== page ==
Five ways to make a good impression with your business card

in Business Ideas

If you’re thinking of ordering a set of business cards then it’s worth taking a little extra time and effort to design something that will stand out from the competition. Here are five criteria to make sure your card will have the desired impact.

There are plenty of digital print companies who will create a set of business cards to your specification. Some have special deals and others will even do it for free. But before you submit your credit card details, think again: far from being a mere rectangle of stiff white paper, your business card is a vital piece of branding and perhaps the only lasting impression a would-be customer will have of your company. Get this wrong and that could be the last you will hear from them.

If you really want to create the right impression, it pays to do your research and spend a little more. Five principles to remember to create a strong and appealing card that still comes in at a good price are:

  1. Shop around digital print companies
  2. Choose heavier card
  3. Aim for high print quality
  4. Don’t be tempted by free cards
  5. Pick the right finish

1) Shop around digital print companies
Don’t go with the first company you find: look around and see what others can offer. This is important because there is tremendous variation in price, quality and speed of turn-around between different companies. Digital print doesn’t share quite the same set of rules as conventional print, and you may be surprised at the savings you can make whilst maintaining the same (or higher) standards of production. Moreover, your business cards probably won’t be the only bit of marketing you ever need, and a good company will serve you well for flyers, posters and other forms of advertising in the future. Ask for samples from a few if you’re not sure which to choose.

2) Choose heavier card
Light, flimsy business cards look and feel cheap and unprofessional. It will depend a bit on your industry (the kind of substantial, high-quality card you might expect from a solicitor or financial adviser could be incongruous for a more casual and low-key business, for example) but you should generally aim for heavier paper stock. 350 to 400 gsm is a good starting point. Heavier cards not only look better but they last longer and are less likely to be thrown away. You will find that different print companies have a huge variation in the weight of card they typically offer.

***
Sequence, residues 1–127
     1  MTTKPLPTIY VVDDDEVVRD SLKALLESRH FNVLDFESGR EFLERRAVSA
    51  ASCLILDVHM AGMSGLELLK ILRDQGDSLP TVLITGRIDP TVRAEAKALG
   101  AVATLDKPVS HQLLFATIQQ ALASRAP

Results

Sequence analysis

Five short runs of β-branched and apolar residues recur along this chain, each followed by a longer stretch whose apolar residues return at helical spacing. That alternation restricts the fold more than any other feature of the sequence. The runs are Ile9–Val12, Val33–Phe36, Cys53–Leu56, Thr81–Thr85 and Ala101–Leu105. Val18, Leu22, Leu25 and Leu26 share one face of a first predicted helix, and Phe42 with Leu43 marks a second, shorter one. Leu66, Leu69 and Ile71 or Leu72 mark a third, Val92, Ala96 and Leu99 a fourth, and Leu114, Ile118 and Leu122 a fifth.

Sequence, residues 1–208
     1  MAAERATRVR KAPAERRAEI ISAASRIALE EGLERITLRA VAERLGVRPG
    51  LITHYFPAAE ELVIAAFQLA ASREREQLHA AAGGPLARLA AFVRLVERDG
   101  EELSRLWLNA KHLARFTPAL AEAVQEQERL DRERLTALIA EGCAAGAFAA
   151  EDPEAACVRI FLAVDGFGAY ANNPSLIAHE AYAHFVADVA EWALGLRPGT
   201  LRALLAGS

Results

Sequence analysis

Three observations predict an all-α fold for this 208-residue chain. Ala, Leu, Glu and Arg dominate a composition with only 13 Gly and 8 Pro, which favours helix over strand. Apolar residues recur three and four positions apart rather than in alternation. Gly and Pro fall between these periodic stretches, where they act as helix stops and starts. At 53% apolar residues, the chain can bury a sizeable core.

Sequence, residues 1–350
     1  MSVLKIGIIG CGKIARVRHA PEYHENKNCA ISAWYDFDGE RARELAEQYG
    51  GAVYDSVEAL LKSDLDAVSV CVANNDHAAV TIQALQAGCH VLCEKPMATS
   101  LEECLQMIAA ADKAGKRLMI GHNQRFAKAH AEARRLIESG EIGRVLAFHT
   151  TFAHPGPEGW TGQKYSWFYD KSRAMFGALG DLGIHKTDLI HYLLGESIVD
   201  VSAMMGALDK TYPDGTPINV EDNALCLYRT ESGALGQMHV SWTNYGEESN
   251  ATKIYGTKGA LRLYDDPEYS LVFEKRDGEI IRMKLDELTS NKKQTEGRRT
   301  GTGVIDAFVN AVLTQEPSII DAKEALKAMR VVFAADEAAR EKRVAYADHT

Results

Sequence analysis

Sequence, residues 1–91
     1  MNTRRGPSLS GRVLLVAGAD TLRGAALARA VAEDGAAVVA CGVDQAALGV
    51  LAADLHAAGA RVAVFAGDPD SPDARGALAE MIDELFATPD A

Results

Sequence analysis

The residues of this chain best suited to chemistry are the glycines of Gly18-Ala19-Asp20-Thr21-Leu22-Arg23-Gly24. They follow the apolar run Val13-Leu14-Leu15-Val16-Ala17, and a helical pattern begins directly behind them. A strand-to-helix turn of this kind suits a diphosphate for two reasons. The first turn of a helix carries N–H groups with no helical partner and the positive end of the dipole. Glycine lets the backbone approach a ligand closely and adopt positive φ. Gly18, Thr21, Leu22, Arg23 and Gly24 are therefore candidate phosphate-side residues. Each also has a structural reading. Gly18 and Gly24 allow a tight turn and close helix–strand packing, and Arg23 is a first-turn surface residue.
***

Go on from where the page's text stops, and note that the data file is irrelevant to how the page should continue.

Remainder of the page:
3) Aim for high print quality
It’s not enough for your card to be readable. The words and design need to be clear and sharp. Some companies will offer cheap cards that have grainy or low-quality print on them. These can look awful, especially if your design includes a logo or another image. The last thing you want is for your card to seem amateurish, since this reflects badly on both you and your business. Again, ask for samples if you’re in any doubt, and make sure that images are photo quality and print is crisp.

4) Don’t be tempted by free cards
You can often pick up a set of cards for free as part of one or other promotional deal. These are best avoided for a number of reasons. They are generally low-quality, using cheap, thin card and print that will fade or look grey and tired to begin with. Not only that, but some companies require that the cards include their logo on the back. This is a false economy: remember that your card is part of your branding, and if you save money in this way you will give the strong impression to any prospective clients that you are willing to cut corners and don’t particularly care about how you come across.

5) Pick the right finish
Make sure you finish your card, rather than leaving it unvarnished. It will last longer and look better. A spot-UV finish can really bring out details in the text or a logo. Otherwise, make sure the finish (typically matte, gloss or silk) fits the design and the contrast of colours on your card.

This article was supplied by printed.com, a supplier of quality leaflet printing and an accredited member of the Direct Marketing Association.

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